Scientists and medical experts are considering the possible connection between cell phones and cancer, and experts believe new information released Tuesday has raised yet another red flag and the need for a lot more research.
The International Agency for Research on Cancer, an arm of the World Health Organization, said radiation from cell phones could possibly cause cancer.
Dr. Pat Breysse, of the John Hopkins Bloomberg School of Public Health, said the concern is that if a type of electromagnetic radiation found in cell phones causes an increased risk of brain cancer"
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"So we drink (coffee) even though we know about the risks. We smoke even though we know about the risks. We are exposed to many things that fall on this gray scale every day, and this is one of the many things that we need to know about, that we need to be concerned about," Breysse said.
So what that means is there is enough evidence to suggest it might be cancerous or that it might be carcinogenic to humans, but the evidence isn't strong enough to say that it certainly is," Breysse said. Breysse said the panel of experts didn't do its own research, but looked at dozens of studies to give cell phones a category 2B classification, the same classification given to coffee, gasoline, led and magnetic fields from power lines.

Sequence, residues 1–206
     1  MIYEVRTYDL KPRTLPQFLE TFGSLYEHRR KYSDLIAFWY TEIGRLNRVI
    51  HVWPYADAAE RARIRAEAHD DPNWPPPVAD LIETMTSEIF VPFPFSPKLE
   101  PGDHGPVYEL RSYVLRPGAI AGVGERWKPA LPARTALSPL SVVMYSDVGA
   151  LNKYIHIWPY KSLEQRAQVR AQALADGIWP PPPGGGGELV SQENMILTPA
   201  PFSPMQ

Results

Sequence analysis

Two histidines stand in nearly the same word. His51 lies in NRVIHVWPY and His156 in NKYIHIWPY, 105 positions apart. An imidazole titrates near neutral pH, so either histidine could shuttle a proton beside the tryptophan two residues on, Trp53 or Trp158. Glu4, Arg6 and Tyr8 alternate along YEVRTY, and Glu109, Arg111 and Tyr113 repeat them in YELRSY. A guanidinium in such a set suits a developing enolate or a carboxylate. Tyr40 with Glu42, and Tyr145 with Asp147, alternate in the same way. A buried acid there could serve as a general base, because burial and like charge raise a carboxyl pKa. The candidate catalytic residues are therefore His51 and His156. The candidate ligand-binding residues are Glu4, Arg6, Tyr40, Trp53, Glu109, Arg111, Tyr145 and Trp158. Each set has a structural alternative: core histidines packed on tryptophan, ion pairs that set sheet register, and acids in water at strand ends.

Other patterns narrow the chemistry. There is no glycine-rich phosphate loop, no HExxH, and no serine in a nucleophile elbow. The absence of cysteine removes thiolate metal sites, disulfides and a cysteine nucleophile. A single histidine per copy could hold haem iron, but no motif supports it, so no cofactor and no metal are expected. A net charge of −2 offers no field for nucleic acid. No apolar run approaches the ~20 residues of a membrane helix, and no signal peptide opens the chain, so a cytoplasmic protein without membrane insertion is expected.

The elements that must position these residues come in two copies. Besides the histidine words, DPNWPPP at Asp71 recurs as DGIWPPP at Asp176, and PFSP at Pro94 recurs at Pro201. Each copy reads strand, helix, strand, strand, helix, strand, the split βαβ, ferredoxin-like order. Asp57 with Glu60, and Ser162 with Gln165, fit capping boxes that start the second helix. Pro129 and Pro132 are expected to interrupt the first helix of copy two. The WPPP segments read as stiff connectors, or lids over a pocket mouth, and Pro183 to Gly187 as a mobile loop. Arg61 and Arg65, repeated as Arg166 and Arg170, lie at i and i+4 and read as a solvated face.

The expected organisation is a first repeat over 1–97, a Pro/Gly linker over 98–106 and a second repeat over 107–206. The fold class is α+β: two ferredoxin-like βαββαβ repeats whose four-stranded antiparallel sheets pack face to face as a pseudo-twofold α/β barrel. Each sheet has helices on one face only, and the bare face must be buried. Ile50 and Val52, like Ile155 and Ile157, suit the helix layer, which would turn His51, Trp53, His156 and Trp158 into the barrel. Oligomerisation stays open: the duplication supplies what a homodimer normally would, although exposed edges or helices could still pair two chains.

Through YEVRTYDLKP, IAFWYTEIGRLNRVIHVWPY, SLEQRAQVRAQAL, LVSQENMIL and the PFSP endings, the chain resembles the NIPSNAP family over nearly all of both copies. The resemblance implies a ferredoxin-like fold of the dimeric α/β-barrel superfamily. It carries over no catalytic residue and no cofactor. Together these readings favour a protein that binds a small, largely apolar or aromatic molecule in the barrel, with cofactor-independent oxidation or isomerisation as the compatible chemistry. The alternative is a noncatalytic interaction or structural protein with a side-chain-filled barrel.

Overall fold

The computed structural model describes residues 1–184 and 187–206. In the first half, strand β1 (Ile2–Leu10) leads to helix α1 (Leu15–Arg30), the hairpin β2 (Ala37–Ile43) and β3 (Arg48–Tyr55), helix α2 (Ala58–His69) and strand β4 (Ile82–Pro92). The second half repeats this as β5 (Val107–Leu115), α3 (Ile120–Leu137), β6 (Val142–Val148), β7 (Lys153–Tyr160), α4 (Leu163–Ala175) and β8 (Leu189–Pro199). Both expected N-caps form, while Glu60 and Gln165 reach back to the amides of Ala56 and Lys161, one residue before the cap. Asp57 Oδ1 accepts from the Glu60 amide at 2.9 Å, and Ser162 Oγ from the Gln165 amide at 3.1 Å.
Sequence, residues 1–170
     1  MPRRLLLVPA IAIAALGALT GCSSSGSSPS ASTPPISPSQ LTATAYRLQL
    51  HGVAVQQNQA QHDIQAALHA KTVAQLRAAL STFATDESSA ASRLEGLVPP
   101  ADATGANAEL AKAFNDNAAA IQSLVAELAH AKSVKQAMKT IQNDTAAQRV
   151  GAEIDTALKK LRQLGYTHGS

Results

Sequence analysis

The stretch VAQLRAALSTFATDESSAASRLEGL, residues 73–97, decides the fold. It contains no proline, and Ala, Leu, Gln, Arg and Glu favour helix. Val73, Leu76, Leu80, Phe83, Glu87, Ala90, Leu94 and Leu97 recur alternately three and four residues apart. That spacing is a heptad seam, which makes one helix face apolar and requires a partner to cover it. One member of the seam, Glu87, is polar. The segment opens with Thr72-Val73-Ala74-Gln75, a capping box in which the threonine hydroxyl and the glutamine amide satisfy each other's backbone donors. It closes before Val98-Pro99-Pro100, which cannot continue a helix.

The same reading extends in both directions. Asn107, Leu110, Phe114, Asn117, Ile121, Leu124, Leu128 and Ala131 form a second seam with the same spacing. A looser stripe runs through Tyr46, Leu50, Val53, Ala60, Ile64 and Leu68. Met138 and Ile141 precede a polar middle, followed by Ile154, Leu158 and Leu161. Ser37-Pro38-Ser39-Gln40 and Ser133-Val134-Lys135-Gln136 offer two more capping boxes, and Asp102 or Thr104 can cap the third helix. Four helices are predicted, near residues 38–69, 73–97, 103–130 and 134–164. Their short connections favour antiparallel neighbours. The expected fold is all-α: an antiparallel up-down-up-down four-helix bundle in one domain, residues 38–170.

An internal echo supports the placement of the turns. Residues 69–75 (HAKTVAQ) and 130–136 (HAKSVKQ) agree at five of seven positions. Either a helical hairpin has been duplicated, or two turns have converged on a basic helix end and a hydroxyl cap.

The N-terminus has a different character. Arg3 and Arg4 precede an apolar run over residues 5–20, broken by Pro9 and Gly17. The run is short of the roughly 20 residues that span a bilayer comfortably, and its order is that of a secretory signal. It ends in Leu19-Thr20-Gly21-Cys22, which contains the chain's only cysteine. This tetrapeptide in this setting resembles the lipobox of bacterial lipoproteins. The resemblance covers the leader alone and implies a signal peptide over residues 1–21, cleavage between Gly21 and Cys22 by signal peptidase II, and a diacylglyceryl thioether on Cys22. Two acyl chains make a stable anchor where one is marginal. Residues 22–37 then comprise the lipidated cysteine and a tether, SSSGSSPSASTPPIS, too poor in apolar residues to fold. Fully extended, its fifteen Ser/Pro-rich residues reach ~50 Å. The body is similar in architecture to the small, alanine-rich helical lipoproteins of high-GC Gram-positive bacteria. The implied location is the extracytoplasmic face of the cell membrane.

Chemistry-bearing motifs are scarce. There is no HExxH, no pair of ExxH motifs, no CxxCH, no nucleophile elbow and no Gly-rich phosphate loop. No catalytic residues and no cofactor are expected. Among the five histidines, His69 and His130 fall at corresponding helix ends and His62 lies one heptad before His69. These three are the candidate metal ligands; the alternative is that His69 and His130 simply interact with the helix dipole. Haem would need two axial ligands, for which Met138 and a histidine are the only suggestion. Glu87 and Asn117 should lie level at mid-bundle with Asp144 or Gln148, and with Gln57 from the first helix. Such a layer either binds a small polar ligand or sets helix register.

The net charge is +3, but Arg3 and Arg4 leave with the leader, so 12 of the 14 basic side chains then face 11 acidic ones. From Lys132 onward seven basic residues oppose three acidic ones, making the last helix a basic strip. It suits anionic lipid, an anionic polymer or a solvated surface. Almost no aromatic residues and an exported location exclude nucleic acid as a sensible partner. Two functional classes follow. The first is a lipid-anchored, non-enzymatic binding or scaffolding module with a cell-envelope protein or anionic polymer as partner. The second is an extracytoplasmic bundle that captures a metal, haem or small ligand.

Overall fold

The review indicated that there's a need for more research and information. In the meantime, Breysse suggested several changes to minimize exposure, using a hands-free device and texting.
"Reduce time close to your head. All of these things will reduce the risk if that risk is there, and these are easy things to do and they're probably prudent for people to begin thinking about," Breysse said. "(There is) anticipation that there might be some more definitive science in the future that says this is real, but if the science in the future says it's not real, you really haven't hurt yourself by taking these steps."
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